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They came to Kenya as refugees -- and they left as Olympians

David McKenzie, Briana Duggan and Fabien Muhire | 8/1/2016, 9:31 a.m.
It's early morning in the Ngong Hills, on the edge of the Great Rift Valley, and a group of athletes ...
It's early morning in the Ngong Hills, on the edge of the Great Rift Valley, and a group of athletes huddle together in prayer in tracksuits and long pants. It's notoriously chilly this time of year. (David Mckenzie/CNN)

— It's early morning in the Ngong Hills, on the edge of the Great Rift Valley, and a group of athletes huddle together in prayer in tracksuits and long pants. It's notoriously chilly this time of year.

The runners set off from their camp, a converted orphanage, at a modest pace, hopping over puddles and dodging boda boda bikes.

Ngong is a haven for Kenyan runners, the most storied middle-distance champions on the planet, and it's not unusual to bump into an Olympian on the dirt roads here.

But these runners are refugees. They have no flag or country. They fled war and famine -- overcoming enormous odds to be contenders for the world's biggest stage at the Rio Olympics.

An extraordinary experiment

"When they came here first we went out training with the elite athletes at the stadium and they started laughing at them and said, 'coach, what are you doing with these people?' That was very discouraging," says John Anzrah, the refugees' coach.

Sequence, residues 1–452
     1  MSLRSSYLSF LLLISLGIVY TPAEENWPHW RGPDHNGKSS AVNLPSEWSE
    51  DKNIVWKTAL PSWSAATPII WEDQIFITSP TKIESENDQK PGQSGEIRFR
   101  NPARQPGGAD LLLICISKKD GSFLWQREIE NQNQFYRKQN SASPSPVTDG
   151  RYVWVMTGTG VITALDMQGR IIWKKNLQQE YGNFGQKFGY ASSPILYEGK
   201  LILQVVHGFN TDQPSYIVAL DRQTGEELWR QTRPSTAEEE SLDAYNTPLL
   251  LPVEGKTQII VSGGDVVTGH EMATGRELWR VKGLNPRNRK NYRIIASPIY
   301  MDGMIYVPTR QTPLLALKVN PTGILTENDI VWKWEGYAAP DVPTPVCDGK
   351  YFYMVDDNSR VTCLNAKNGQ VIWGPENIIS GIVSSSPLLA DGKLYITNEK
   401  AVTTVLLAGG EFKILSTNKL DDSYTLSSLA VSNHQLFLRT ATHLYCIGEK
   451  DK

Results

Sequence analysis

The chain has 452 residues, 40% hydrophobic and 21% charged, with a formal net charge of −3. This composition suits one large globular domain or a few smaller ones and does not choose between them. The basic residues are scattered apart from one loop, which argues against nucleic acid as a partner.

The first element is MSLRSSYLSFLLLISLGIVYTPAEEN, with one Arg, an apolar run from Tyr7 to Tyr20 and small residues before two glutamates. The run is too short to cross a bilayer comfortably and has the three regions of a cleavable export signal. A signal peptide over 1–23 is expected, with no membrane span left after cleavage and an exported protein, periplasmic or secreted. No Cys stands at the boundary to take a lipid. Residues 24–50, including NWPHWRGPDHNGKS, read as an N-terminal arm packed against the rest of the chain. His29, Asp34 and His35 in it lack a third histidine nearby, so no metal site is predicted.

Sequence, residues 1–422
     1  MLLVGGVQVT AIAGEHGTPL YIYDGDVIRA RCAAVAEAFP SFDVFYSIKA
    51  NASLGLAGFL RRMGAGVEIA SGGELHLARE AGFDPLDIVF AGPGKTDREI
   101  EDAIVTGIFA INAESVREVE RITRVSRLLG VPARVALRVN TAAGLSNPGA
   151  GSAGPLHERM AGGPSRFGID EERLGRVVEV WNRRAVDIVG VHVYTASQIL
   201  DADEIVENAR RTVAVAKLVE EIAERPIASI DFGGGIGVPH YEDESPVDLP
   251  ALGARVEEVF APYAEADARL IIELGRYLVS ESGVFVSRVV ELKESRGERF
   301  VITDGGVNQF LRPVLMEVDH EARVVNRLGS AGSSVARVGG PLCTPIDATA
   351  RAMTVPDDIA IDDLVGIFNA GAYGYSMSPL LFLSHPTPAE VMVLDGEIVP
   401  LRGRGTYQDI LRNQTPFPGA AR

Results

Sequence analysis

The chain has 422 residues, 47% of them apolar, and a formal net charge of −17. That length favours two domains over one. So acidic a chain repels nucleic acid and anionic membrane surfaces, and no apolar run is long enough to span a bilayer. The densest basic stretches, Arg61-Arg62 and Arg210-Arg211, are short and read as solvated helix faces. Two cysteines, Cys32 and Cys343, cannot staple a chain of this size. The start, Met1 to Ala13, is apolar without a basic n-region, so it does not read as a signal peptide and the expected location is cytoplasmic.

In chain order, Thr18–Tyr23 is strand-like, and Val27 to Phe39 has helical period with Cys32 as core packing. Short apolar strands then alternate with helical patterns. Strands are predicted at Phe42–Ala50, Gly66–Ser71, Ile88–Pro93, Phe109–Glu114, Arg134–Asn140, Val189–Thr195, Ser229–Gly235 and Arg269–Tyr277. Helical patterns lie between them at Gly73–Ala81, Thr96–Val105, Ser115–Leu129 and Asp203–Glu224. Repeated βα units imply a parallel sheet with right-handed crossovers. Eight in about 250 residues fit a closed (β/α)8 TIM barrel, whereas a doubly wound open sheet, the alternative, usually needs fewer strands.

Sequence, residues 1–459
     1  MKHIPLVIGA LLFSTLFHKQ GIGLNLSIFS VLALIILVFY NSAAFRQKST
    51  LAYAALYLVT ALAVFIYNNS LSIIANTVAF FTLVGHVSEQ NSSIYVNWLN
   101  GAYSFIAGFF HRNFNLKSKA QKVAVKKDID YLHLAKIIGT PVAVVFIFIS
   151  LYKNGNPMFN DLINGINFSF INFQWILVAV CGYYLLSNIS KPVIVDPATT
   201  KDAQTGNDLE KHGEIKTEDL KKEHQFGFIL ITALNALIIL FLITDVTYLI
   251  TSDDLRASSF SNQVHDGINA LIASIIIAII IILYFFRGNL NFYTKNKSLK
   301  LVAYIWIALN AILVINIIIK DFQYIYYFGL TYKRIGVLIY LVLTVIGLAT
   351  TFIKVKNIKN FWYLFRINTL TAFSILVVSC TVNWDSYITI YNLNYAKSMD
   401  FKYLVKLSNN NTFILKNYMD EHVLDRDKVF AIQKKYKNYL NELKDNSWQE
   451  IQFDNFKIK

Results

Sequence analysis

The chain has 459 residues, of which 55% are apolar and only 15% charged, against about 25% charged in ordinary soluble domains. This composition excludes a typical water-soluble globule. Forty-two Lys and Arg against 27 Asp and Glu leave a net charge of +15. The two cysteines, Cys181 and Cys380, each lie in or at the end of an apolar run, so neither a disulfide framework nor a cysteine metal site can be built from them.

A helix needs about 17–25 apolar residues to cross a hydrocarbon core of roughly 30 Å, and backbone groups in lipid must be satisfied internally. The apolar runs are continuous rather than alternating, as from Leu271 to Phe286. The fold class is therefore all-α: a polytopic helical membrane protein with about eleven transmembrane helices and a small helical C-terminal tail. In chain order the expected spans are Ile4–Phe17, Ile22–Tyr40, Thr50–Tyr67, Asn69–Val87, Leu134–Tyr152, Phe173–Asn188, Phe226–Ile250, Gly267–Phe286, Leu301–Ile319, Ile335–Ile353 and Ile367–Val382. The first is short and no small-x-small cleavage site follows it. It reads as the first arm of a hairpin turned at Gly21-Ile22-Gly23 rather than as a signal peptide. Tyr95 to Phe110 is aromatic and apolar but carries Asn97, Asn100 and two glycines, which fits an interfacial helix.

Anzrah competed for Kenya in the Los Angeles Olympics in 1984 and World Championships. He knows something about the pressure of high-level competition.

He was given eight months to turn raw talent from refugee camps into contenders. It normally takes up to five years, he says.

"As a coach, this has been my biggest challenge. If I succeed with this, then I don't think that anything is impossible," he says.

The runners are part of an extraordinary experiment.

Since the first modern Olympics in 1896 in Athens, the event has always highlighted competition of nation states. But in Rio, for the first time ever, a refugee team will be competing, representing all of those around the globe who have no nation.

Come August 5, the team will enter the Maracanã stadium in the parade of nations holding the five-ring Olympic flag as their standard.

Running for a dream

Rose Nathike has been running her whole life.

She has a distinctive running style, her fists unclenched, slicing the air with her hands. It's not the lithe stride of some east African middle-distance runners. Nathike is compact and powerful, grimacing as she churns by on the dirt murram track.

"All I want is good form running. Start on that side and do six hundred then two by three hundred. I'm not timing you, just good form," Coach Anzrah tells Nathike, his arms and legs mimicking a sprint.

Her event is the 800 meters, which is just short of half a mile. It calls for a combination of speed and endurance. And the training is notoriously difficult.

But not for Nathike.

"Life was so much hard compared to training in this place. The life in Kakuma camp was so hard," she says.

Thirteen years ago, she ran from soldiers in Chukudum, South Sudan. First she fled her village on foot with her family and then squashed in the back of a truck. The South was still ensnared in a brutal civil war with Khartoum. More than two million civilians died in the decades-long conflict.